Our Man in Havana: Cuba Before Fall

DATELINE:  Greene for Thrills

ready for bed Guinness Doth Make Coward!

Would lightning strike twice? Throw in a Graham Greene novella, director Carol Reed, and a hotbed of political activity in the 1950s, and voila, you have an instant spy thriller, called Our Man in Havana.

The novella and screenplay were written by Greene himself, which may or may not be good, considering his lofty and singular opinion of what a good film should be. He respected Carol Reed enough to trust him again after The Third Man. And, with his lukewarm anti-American streak, the pre-Communist Castro lent his blessing to the project.

The result is a last-ditch look at the charm of old Havana before it underwent a lifetime of rot. To see it like this may sadden any self-respecting tourista.

Add in a delicious cast:  Alec Guinness as a would-be spy, Ernie Kovacs as a Cuban military leader, Maureen O’Hara as an officious colleague, Noel Coward as a Home Office Boy, with Ralph Richardson as his boss, and Burl Ives, hot off his Oscar, as a German expatriate, and something’s gotta give. The story concerns a British vacuum salesman who gives off airs of an obsequious secret agent who riles up the Cuban dictatorship before Castro. You mean there was no role for Errol Flynn who was there for the Cuban rebel girls?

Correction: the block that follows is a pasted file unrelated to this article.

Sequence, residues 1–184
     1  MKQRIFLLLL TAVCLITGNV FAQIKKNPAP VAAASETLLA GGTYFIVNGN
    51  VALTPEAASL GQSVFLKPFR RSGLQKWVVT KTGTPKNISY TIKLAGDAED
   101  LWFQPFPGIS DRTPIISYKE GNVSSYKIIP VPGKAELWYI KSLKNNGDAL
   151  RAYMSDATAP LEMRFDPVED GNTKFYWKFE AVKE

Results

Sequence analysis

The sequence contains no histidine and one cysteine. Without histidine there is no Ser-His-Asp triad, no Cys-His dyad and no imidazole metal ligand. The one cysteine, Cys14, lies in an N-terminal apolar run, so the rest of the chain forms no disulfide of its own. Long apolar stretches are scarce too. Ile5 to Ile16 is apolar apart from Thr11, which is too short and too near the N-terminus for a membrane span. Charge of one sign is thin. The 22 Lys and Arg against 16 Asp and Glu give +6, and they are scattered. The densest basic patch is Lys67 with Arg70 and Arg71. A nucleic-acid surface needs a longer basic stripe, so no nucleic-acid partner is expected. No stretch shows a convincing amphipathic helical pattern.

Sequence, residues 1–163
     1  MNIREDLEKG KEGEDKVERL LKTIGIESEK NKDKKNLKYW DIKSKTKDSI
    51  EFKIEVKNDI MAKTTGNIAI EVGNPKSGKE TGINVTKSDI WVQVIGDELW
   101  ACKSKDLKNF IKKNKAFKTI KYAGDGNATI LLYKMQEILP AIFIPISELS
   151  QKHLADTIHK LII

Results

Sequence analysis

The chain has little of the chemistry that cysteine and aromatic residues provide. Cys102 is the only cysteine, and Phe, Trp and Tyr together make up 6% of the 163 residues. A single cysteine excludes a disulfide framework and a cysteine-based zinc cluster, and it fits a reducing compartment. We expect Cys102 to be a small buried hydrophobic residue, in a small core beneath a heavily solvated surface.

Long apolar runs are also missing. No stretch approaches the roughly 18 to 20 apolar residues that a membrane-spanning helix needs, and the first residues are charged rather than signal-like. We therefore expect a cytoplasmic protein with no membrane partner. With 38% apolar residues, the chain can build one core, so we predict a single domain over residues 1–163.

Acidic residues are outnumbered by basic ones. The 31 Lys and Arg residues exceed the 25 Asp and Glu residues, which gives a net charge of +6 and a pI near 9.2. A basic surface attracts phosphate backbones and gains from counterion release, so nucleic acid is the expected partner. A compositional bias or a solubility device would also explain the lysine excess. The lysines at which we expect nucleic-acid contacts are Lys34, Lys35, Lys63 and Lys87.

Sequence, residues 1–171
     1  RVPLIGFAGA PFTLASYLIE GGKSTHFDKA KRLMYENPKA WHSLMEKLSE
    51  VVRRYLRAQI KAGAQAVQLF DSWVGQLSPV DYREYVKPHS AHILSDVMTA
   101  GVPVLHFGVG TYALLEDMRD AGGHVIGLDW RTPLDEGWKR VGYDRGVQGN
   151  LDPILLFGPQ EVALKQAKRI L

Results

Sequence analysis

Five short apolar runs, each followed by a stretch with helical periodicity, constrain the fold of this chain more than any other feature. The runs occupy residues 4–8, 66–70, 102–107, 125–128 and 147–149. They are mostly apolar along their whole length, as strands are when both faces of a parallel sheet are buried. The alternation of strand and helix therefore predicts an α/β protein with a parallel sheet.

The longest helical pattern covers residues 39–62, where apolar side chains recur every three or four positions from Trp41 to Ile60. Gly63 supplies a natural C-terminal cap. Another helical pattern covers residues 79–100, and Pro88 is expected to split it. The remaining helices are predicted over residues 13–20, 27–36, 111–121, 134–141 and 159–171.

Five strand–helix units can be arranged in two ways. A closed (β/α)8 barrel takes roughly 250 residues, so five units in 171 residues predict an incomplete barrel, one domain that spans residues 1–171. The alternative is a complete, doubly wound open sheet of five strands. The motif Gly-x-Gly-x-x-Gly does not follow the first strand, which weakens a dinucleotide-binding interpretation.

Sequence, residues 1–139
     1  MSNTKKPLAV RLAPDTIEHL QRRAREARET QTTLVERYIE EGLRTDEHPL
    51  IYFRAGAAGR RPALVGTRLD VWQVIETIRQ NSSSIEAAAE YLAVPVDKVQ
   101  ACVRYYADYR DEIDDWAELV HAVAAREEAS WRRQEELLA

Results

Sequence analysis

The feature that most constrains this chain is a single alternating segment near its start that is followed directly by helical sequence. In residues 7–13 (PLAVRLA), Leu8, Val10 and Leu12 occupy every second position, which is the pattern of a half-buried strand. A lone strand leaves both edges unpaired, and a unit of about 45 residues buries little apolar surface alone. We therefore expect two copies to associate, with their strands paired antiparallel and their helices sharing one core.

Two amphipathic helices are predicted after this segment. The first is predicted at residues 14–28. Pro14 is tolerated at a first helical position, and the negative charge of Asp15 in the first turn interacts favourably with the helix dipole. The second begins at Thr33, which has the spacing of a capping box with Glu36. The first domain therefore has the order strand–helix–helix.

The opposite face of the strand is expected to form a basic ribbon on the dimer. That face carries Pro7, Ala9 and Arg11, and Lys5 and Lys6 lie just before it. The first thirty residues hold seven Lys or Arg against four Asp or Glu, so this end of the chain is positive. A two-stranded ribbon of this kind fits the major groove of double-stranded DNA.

At one point, Guinness notes that his daughter has an American accent for some reason. We suspect it has to do with the producer hiring his girlfriend, but we may be too harsh.

Burl Ives advises Guiness to take a job as a secret agent for Noel Coward and send it fake secret reports by fake secret agents. Alas, reality bites: everything he makes up is actually true.

The humor is so dry in this film that it almost seems arid. Greene rakes the James Bond ilk over the coals, with its bird-dropping invisible ink and codes taken out of a Dickensian book of Lamb to the slaughter sayings.

Kovacs and Guinness play a game of drinking checkers as a mental match.